Balancing Paradigms in Climate Change Communication Research to Support Climate Services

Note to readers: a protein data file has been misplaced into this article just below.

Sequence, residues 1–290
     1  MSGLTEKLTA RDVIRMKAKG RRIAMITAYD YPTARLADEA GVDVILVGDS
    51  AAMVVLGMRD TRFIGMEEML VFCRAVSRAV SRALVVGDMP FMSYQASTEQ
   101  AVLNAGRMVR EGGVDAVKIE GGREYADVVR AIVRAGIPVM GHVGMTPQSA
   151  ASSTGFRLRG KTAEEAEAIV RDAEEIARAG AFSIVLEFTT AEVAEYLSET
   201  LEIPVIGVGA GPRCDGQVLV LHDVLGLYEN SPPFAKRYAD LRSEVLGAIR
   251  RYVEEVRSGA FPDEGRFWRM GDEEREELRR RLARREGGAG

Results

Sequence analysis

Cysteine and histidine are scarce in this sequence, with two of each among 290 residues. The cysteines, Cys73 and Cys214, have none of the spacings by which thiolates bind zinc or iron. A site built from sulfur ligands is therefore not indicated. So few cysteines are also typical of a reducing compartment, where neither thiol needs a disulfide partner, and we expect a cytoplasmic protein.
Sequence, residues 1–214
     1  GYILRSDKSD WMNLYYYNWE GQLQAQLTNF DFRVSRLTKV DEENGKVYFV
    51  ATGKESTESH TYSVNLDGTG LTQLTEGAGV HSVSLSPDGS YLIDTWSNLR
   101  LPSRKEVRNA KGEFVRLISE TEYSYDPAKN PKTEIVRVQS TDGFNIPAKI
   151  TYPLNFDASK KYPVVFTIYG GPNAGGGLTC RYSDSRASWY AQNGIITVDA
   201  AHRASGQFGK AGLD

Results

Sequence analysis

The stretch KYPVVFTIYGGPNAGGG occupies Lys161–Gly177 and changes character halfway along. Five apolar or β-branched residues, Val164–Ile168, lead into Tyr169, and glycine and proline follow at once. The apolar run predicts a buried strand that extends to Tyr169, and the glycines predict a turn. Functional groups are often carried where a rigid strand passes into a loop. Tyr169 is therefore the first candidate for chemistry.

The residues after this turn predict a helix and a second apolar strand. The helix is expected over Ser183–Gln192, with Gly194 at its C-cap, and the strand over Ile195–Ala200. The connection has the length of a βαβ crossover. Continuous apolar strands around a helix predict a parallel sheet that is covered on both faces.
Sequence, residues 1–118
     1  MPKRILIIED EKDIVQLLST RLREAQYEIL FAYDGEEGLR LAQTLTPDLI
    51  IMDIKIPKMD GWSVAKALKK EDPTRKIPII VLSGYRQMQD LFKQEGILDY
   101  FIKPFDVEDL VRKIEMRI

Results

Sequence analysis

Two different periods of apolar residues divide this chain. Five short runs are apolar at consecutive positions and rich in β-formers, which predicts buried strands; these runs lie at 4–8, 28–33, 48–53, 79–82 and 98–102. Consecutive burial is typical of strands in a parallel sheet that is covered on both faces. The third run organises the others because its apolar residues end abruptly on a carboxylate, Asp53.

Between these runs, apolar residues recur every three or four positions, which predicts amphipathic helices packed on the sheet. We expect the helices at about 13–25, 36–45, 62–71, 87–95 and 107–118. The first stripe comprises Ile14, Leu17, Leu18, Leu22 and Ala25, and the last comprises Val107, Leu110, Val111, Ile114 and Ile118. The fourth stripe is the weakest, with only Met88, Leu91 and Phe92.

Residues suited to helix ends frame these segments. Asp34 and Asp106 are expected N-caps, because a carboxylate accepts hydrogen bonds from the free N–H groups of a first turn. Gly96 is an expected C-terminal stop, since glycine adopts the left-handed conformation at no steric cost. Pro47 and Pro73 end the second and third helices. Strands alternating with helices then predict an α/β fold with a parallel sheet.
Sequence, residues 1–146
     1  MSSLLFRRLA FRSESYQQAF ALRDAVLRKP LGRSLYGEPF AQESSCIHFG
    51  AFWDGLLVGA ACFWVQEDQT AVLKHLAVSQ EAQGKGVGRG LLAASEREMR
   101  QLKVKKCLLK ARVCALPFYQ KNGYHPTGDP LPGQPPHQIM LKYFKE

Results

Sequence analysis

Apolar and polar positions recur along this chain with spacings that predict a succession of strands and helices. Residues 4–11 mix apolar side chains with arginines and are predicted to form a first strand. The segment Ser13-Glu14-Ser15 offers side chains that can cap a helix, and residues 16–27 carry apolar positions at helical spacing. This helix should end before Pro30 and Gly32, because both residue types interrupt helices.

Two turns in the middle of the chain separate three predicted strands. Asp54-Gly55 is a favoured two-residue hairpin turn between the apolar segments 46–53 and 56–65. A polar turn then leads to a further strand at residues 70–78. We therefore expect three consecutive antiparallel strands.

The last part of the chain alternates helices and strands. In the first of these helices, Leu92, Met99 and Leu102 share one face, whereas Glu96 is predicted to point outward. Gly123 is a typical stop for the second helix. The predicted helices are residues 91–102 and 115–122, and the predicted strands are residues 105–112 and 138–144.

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Initiatives such as the Global Framework for Climate Services (GFCS) and Future Earth aim for co-design and co-production to create specific climate services, which in turn, require dialogue with stakeholders. Climate change communication research can help enable this dialogue. This paper proposes a more explicit articulation of the paradigms grounding climate change communication research to provide more balanced research for climate services. Paradigms or worldviews contain assumptions about the nature of reality and knowledge, and therefore drive the construction of research questions and methodologies. An assessment of peer-reviewed articles between January 2010 and August 2014 using the key phrase “climate change communication” reflects research paradigms that are dominantly post-positivist, seeking large-scale patterns to make generalizations. While these are useful, climate change communication research must also consider what approaches would value and use stakeholders’ differing perspectives towards encouraging dialogue and implementing long-term solutions with purveyors of climate services. Future research should balance the approach by exploring the use of constructivist or critical paradigms to support dialogue-based climate services. Such research is valuable in addressing the need for climate change communication professionals and scholars to (1) localize messages and (2) frame them in terms of values and issues pertinent to specific populations and groups.